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1 August 2009 CFA Institute Journal Review

Managerial Incentives and Corporate Fraud: The Sources of Incentives Matter (Digest Summary)

  1. Derek W. Johnson, CFA

The authors examine various types of equity-based compensation, such as unrestricted stock, restricted stock, and stock options, and their unintended consequence of enticing managers to commit fraud. Unrestricted stock tends to have a linear relationship with the value of the stock as opposed to stock options, which have a convex relationship with the value of the stock. The linear relationship results in a greater financial loss if the company’s stock price declines. The authors conclude that the greater loss potential in unrestricted stock can tempt corporate executives to commit fraud to prevent a loss in value. Additionally, the authors find that executives are more likely to commit fraud when the chances of getting caught are low. Finally, companies with high sales growth as well as those that have a higher percentage of insiders sitting on the audit committee have a lower likelihood of detecting and reporting fraud. The authors conclude that companies should examine the effects of equity-based compensation packages in aligning the interests of all the stakeholders in both the short and the long run.

The authors question whether equity-based incentives offered by corporations encourage some executives to commit fraud. Equity-based incentives, such as bonuses issued with restricted or unrestricted stock and stock options, help align managers’ interest with that of shareholders. The authors find, however, that the incentives may have the unintended consequence of enticing some managers to commit fraud. The motivation to commit fraud may be the result of the managers attempting to mitigate personal loss in net worth caused by a drop in stock values because of a decline in operational corporate performance.

Companies may compensate managers with various kinds of ownership-type incentives. These incentives include unrestricted stock, which managers can hold or sell at any time; restricted stock, which managers are not allowed to sell for a certain period of time; or stock options, which managers can exchange for shares of stock. Options are more valuable if the stock price is above the price for which the options can be exchanged, also known as the strike price. When the stock price is below the strike price, the option has less value. Unrestricted stock has a linear relationship with a manager’s wealth because for every drop in price, the manager’s net worth also drops. An option, however, has more of a convex relationship with a manager’s wealth: A drop in value of the stock will have a linear relationship while the stock is above the strike price, but as the price declines, the decline in wealth is not as severe. Restricted stock is not as much of a concern because executives cannot sell and thereby benefit from the fraud until the stock becomes unrestricted. The authors find that unrestricted stock gives the most opportunity for managers to commit fraud as they attempt to mitigate any losses that might occur as a result of a loss in market value.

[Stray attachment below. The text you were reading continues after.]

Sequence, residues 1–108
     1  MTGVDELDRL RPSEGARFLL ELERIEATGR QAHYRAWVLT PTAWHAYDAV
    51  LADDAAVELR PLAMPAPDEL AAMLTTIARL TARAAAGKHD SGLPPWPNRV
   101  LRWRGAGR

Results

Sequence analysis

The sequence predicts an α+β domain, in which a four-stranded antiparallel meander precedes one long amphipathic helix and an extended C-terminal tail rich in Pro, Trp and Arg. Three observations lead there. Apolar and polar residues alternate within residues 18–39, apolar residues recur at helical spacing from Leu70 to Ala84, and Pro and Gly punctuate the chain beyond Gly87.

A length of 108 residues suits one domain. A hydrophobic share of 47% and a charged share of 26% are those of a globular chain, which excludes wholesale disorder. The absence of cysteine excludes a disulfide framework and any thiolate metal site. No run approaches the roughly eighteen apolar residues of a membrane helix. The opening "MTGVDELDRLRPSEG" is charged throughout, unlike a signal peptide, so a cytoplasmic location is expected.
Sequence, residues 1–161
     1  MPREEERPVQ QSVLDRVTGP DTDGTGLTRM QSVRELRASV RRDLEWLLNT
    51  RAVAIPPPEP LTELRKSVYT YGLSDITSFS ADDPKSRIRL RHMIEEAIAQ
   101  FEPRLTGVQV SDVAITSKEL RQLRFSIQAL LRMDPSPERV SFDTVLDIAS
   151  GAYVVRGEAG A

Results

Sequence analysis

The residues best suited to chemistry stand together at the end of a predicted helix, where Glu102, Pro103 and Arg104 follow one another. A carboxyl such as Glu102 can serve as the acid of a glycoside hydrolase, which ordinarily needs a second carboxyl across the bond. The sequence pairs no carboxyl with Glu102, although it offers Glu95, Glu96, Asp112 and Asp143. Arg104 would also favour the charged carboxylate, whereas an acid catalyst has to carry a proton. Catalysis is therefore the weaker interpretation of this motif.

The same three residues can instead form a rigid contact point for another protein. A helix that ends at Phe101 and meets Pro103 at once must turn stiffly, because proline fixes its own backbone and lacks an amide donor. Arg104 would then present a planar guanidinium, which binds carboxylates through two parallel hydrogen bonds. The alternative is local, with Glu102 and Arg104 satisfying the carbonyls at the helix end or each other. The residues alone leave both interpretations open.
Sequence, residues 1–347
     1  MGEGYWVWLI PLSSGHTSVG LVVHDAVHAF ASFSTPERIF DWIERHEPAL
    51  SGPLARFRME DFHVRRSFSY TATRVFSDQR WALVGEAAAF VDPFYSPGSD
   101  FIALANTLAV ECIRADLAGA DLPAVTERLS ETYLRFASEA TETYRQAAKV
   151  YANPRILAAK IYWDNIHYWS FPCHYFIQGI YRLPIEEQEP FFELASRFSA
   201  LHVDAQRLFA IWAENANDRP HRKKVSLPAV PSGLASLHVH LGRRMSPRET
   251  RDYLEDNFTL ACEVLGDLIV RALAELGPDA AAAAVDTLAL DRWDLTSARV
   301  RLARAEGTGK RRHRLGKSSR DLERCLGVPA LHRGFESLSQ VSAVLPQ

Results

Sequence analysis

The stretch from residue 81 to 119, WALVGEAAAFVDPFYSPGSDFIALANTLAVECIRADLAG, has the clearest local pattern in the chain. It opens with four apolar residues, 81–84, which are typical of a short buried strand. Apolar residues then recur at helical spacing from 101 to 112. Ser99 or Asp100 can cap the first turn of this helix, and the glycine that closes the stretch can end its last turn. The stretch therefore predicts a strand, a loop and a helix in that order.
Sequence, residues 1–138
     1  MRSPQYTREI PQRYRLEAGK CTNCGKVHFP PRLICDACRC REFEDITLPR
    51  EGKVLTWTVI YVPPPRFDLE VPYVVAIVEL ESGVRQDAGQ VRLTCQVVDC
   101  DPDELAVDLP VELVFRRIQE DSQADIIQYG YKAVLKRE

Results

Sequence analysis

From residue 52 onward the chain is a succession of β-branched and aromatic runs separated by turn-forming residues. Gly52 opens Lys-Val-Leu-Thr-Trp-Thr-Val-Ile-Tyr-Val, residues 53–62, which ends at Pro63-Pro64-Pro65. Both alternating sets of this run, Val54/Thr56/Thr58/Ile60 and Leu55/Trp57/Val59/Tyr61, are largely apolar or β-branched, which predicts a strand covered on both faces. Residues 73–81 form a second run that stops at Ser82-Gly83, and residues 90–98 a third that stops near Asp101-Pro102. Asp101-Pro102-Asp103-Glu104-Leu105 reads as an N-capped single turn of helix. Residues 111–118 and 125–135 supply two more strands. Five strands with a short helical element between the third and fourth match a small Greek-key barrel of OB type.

The authors examine companies that were subject to Accounting and Auditing Enforcement Releases (AAERs) by the U.S. SEC from 1991 to 2005. They compare these “fraud companies” with a control set of companies that are based on similar metrics, such as industry and size, but were not subject to AAERs. The authors look at the types of incentives awarded by the fraud companies versus the control group. They find that for the median fraud executive, incentives of unrestricted stock are 54 percent greater than the incentives for the median control executive. The fraud companies were more likely to issue unrestricted stock, whereas the control companies were more likely to issue stock options. The authors opine that corporate managers protect themselves through the use of fraud to mitigate the higher potential loss with unrestricted stock.

The authors also discover other factors that help predict a manager’s propensity to commit fraud. Managers will use fraud when they believe the likelihood of getting caught and punished is low. The fraud companies had higher sales growth than the control group, and other studies show that fraud is harder to detect in companies with high sales growth than in companies with moderate to low sales growth. The authors also find that the fraud companies have a greater percentage of insiders on the audit committee compared with the control companies. Because the audit committee is in charge of the oversight of accounting procedures, managers might think that having more insiders on the committee will prevent the detection and, more importantly, the reporting of suspected fraud.

Proper incentives are an important process in aligning corporate managers’ interests with those of shareholders in maximizing company values. The authors find, however, that some equity-based incentives more than others encourage fraud. Unrestricted stock has more of an impact on managers’ net worth than options or restricted stock. This greater impact could drive a manager to commit fraud in an effort to prop up stock values in the face of declining corporate profitability. The authors conclude that corporate boards should use this information in providing optimal equity-based compensation packages that align all stakeholders’ best interests both in the short and long term.

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